by Lynette Auch, President of Lutherans For Life
I never cease to be amazed at the whole procreation process. Every human life starts as an invisible—to the naked eye—process, and every minute detail is carefully orchestrated. One little glitch in the development process (e.g. Trisomy 21/Down syndrome), or a traumatic event occurring during the labor and delivery process, can lead to life-long struggles. With all that can happen during a pregnancy, labor, and delivery of a child, only our Designer and Creator God could possibly see it through safely.
An obstetric unit—my area of nursing expertise—can be like an emergency room, as one never knows what emergent problem may arise during a woman’s pregnancy. There is not a shift where I do not say a silent prayer for God’s presence, guidance, courage, wisdom, strength, discernment, and compassion to help me in my service to the patients in my charge. I also pray for the opportunity to demonstrate the love of Jesus to anyone whose life I may touch. I admit, I am not always the Christian example that I want to be, as people and circumstances can be very challenging. One thing is for sure, every day provides a new story or adventure to live through, observe, and learn from as I try to care for God’s precious, created human lives.
One of those emergent times took place when I cared for a woman going through the normal process of labor. She was nearing delivery time, when suddenly the baby’s heart rate fell well below the average normal of 110-150 beats per minute. All efforts to return the baby’s heart rate to normal parameters failed, resulting in an emergency cesarean section to deliver the obviously distressed baby. The obstetrician soon found the reason as he skillfully cut into the mother’s abdomen: the woman’s uterus had mysteriously ruptured, shaking the unborn baby’s world by cutting off its blood and oxygen supply, endangering both baby’s and mother’s life. With skilled medical teamwork, the limp, lifeless baby was resuscitated and finally breathing on its own. Meanwhile, the obstetricians spent several hours trying to sew the mother’s ruptured uterus back together. Despite the obstetricians’ valiant efforts to preserve her uterus and stop the massive bleeding, administering numerous units of blood products and medications to stop the bleeding, the woman needed a hysterectomy to save her life.
Another one of those emergent times occurred when Blaine Liebnow was born four and a half months premature on August 13, 1989, weighing one pound, three ounces and diagnosed with spastic cerebral palsy due to a lack of oxygen to his brain at birth. Blaine’s family knew he would be born disabled, but the doctor’s offer of abortion was not an option for them, for which Blaine is eternally grateful.
Blaine spent most of his childhood going to speech therapy and going through surgeries and physical therapy. Despite these efforts, he requires a wheelchair for mobility. But this has not stopped Blaine; he attended grade school and high school. As a sophomore, he was the Hugh O’Brian Youth Leadership representative, and, as a junior, was selected by his school to participate in the South Dakota Boys State civics program. He graduated from Wolsey-Wessington High School with honors, and then attended Dakota State University for a semester, but had to leave due to his physical needs.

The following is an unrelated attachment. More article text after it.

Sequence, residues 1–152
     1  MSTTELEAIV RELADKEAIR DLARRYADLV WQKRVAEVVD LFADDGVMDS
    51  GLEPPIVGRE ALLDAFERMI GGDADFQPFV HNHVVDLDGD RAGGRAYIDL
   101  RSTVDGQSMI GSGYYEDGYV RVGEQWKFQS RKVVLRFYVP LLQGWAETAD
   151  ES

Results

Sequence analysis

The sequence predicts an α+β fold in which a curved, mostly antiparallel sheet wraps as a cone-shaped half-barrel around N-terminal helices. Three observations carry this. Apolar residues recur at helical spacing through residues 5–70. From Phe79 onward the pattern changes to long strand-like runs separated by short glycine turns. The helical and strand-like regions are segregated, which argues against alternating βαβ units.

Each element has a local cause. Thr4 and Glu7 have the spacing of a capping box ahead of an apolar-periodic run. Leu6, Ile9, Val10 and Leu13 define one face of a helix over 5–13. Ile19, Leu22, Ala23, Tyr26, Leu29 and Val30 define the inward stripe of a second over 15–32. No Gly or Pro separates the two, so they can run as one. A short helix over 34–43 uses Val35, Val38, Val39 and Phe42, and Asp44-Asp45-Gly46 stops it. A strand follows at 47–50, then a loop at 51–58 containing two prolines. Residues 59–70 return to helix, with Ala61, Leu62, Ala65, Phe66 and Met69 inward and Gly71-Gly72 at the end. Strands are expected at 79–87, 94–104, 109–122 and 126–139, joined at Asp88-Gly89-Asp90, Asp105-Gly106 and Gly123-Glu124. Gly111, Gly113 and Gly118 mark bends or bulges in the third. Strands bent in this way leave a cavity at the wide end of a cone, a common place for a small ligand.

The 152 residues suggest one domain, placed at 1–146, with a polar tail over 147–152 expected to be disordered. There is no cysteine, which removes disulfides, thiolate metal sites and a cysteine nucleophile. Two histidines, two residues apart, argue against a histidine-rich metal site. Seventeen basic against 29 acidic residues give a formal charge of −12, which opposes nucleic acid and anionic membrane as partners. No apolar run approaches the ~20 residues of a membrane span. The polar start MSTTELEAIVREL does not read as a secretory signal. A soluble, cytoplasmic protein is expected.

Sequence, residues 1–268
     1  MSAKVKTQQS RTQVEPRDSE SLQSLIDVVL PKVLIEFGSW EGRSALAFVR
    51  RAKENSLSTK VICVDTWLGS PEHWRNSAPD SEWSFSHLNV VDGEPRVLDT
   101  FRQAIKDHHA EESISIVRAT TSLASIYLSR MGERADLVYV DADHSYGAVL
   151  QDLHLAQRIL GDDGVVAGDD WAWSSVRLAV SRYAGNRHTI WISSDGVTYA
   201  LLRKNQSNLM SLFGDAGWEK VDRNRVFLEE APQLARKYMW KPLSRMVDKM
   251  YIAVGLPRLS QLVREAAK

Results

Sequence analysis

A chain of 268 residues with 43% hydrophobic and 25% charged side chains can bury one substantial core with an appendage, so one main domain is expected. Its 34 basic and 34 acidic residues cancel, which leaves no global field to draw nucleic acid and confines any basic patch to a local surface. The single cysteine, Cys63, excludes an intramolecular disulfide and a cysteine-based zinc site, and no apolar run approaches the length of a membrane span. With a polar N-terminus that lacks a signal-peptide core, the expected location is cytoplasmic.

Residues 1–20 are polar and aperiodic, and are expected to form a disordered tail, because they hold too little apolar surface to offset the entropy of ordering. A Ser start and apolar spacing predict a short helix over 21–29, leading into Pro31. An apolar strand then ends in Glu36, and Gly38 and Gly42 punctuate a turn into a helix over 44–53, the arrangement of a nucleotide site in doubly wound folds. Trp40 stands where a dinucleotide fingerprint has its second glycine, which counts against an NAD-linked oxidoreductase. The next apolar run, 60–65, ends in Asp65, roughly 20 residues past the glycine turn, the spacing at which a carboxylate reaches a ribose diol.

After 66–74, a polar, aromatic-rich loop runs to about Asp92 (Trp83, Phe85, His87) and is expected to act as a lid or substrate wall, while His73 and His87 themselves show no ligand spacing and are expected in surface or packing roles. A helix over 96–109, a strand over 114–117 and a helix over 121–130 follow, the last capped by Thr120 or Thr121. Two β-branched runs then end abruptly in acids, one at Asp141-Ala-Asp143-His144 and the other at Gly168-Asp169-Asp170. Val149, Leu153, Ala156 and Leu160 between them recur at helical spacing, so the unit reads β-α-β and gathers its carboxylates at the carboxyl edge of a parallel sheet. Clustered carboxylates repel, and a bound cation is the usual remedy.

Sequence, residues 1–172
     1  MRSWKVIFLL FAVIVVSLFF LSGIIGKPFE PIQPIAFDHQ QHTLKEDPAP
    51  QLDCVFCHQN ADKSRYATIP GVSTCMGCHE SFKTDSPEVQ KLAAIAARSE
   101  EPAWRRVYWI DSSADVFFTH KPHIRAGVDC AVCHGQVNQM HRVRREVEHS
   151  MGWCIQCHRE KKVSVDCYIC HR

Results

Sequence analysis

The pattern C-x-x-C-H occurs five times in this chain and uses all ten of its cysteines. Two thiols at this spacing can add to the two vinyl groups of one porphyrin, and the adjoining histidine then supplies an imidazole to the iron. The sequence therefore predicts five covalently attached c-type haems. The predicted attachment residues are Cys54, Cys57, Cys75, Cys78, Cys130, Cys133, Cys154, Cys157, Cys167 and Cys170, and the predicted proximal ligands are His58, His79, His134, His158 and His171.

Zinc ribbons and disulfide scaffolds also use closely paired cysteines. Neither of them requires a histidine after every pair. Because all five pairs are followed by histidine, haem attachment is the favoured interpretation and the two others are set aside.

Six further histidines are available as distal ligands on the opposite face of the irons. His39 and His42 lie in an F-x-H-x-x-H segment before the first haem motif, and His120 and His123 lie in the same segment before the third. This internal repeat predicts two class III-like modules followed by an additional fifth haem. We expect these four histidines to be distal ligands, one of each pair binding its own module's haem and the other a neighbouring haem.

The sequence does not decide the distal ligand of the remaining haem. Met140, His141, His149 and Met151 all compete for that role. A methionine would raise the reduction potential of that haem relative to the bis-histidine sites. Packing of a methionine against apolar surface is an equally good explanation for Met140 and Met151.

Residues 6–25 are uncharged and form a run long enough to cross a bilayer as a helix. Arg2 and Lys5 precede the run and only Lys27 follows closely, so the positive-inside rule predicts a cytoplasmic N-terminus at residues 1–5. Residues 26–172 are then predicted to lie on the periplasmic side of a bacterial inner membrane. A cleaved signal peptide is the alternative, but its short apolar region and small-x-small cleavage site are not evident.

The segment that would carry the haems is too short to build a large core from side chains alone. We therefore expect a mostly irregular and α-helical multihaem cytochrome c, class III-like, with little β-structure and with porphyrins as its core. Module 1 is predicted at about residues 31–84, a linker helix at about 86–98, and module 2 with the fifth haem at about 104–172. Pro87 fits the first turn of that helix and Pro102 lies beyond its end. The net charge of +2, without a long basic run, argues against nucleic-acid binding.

After being mostly housebound for the first portion of his life and being cared for by his mother and grandmother, who are now both deceased, Blaine now has his own apartment and his own life at Butler House, a Center For Independence of Huron, in Huron, South Dakota. Blaine is grateful for his aunt, Joyce, who is his advocate and emotional caregiver, who helps him with any problem he has.
Blaine spends his time doing a lot of volunteer work in disability awareness and recently applied and has been accepted by Concordia University Texas for online classes during the spring semester of 2021.
“On the contrary, the parts of the body that seem to be weaker are indispensable …” (1 Corinthians 12:22).
Just like Blaine’s life was perceived as invisible and weak, every invisible and weak little life is created and ordained for a purpose by God.
“For you created my inmost being; you knit me together in my mother’s womb … Your eyes saw my unformed body; all the days ordained for me were written in your book before one of them came to be” (Psalm 139:13-16).
And, just like Blaine’s life, every human life, no matter the size, level of development, environment, or degree of dependency, is indispensable in fulfilling God’s plans.
“‘For I know the plans I have for you,’ declares the Lord, ‘plans to prosper you and not to harm you, plans to give you hope and a future’” (Jeremiah 29:11).
Blaine is grateful to be alive and states, “I hope one day God will give me the opportunity to write something that will bring glory to Him. To all who may be reading this, I wish you a blessed day in our Lord Jesus Christ.”
(Blaine’s autobiography first appeared in the South Dakota insert of the October 2020 Lutheran Witness. It was revised and used with Blaine’s permission.)